Phase 1 involved initial works during 2016 to get the locomotive moving under its own steam.
The boiler was lifted from the chassis on 22 February 2016 to allow for a boiler inspection. Following a visit of the boiler inspector and non-destructive testing, the required works were confirmed in May 2016. The inspector’s report confirmed the initial thoughts from the visit to Mataró: the boiler was generally in excellent condition. Building-up was required to some pitting where water had stood over time. In addition, and as known from the Spanish visit, the boiler was not originally fitted with a fusible plug to protect against low water levels so this needed to be installed. The washout plugs all needed to be reinstalled. The boiler inspector also confirmed that the superheater fitted in Spain could not be accepted without documentation of its fabrication and testing, which was not available. Therefore, the superheater was removed and the locomotive was run on saturated steam to give an arrangement in common with the other R&ER locomotives.
In the meantime, the chassis was moved to Ravenglass between February and June to test clearances. The locomotive has a narrow gauge profile similar to Rivers Esk and Mite, and considerably smaller than River Irt and Northern Rock, so it was not expected that there would be any clearance issues. However, clearance issues could potentially arise nearer track level or at the platforms, in particular given the drain cocks projecting below the cylinders. Low-speed trials were held over the pointwork in Ravenglass and up to Miteside, on 1 March 2016, using a diesel to push the chassis. A few weeks later on 17 March, the chassis was pushed to Dalegarth to confirm there were no clashes.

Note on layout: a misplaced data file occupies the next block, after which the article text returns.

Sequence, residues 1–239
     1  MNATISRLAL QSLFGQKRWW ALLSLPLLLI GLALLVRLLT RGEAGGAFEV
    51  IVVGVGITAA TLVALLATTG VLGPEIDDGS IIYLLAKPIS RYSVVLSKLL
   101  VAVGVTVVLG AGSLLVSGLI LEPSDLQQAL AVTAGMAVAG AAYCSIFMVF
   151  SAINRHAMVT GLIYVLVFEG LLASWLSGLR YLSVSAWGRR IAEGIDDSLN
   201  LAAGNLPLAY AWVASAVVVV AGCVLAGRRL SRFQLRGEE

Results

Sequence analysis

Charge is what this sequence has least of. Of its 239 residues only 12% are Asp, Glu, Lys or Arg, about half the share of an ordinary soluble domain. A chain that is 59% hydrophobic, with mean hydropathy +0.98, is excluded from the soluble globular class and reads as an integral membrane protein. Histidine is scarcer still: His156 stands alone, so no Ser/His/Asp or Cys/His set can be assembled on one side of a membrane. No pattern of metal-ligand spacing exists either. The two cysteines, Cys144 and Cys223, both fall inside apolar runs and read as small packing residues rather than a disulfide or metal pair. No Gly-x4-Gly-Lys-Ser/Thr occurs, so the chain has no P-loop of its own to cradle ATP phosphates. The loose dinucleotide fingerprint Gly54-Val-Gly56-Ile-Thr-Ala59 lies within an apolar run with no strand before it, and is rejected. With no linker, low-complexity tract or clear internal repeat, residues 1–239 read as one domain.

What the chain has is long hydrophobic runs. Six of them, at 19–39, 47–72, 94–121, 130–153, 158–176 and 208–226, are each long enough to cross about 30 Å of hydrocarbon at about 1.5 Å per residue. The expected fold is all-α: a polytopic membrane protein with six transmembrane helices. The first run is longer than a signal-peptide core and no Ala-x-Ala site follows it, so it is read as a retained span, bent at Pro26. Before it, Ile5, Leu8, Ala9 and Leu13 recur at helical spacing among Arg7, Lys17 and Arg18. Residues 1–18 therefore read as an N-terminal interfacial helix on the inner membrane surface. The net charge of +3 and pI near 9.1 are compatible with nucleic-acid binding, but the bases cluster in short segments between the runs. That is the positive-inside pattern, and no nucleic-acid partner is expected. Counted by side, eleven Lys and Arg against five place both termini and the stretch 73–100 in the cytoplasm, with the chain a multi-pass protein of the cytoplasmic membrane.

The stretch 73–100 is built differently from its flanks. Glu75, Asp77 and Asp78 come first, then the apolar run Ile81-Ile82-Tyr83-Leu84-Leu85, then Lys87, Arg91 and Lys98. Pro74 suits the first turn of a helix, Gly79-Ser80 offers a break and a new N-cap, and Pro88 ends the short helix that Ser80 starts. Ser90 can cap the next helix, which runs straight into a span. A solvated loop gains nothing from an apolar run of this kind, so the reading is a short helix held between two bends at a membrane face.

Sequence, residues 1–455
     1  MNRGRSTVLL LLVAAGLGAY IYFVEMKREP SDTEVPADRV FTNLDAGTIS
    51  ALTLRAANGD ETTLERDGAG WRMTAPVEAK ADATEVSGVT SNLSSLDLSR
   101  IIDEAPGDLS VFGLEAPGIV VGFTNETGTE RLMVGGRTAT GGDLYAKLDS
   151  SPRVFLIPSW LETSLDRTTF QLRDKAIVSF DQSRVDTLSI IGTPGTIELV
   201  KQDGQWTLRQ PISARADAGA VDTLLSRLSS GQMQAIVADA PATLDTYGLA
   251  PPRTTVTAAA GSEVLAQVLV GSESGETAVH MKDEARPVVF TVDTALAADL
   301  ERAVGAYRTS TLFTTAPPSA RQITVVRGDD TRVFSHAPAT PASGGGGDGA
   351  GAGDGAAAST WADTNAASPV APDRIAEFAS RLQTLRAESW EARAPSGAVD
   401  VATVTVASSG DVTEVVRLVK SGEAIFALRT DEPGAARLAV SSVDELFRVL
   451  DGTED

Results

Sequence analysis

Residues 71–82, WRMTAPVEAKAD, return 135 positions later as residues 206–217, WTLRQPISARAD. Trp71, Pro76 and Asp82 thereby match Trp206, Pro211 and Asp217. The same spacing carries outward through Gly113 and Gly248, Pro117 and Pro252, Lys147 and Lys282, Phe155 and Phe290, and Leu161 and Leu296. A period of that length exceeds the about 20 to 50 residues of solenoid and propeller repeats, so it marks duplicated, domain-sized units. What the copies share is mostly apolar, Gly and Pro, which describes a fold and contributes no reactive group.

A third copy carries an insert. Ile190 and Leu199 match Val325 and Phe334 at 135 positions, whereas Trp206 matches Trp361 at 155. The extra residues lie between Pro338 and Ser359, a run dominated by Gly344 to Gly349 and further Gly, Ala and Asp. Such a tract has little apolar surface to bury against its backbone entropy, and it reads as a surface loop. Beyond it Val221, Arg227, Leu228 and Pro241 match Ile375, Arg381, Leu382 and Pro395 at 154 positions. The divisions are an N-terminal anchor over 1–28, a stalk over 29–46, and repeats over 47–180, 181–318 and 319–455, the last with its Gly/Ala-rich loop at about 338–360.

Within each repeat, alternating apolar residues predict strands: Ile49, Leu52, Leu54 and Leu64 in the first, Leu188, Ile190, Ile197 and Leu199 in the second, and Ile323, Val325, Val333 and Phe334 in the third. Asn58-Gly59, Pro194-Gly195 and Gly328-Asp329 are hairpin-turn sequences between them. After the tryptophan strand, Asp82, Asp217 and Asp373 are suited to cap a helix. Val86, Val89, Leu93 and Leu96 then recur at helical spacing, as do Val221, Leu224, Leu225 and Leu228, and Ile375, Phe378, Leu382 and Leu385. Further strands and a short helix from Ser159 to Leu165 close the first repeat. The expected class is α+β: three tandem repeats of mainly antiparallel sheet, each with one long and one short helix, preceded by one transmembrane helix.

The main driving wheelsets were sent away for non-destructive testing including ultrasound proving of the axle and dye-penetration testing of the spokes. The wheels were given a clean bill of health on 29 June. The wheelsets were turned to the railway’s standard profile during July 2016.
It was required to have the locomotive brakes operated by the train air system, such that the locomotive and train brakes act together rather than having separate systems. The locomotive was originally fitted with a steam brake. To compensate for the lower air pressure compared with boiler steam pressure and to provide an equivalent braking force, a new larger air brake cylinder was sourced and installed in August 2016.
The water feeds were extended into the boiler to reduce the differential temperature stresses which could be caused when cold tender water is injected close to the firebox. Boiler fittings and a manifold were installed in August. The injectors were changed over to ¾” and ½” injectors, similar to the other R&ER locomotives. With other works carried out, the boiler was ready for its hydraulic test on 20 August 2016. Its first steaming in nearly 90 years was carried out on 2 September.
The boiler inspector visited on 26 September 2016 and confirmed his satisfaction. The boiler was reunited with the chassis, and the boiler certificate was issued by the inspector on 9 November 2016.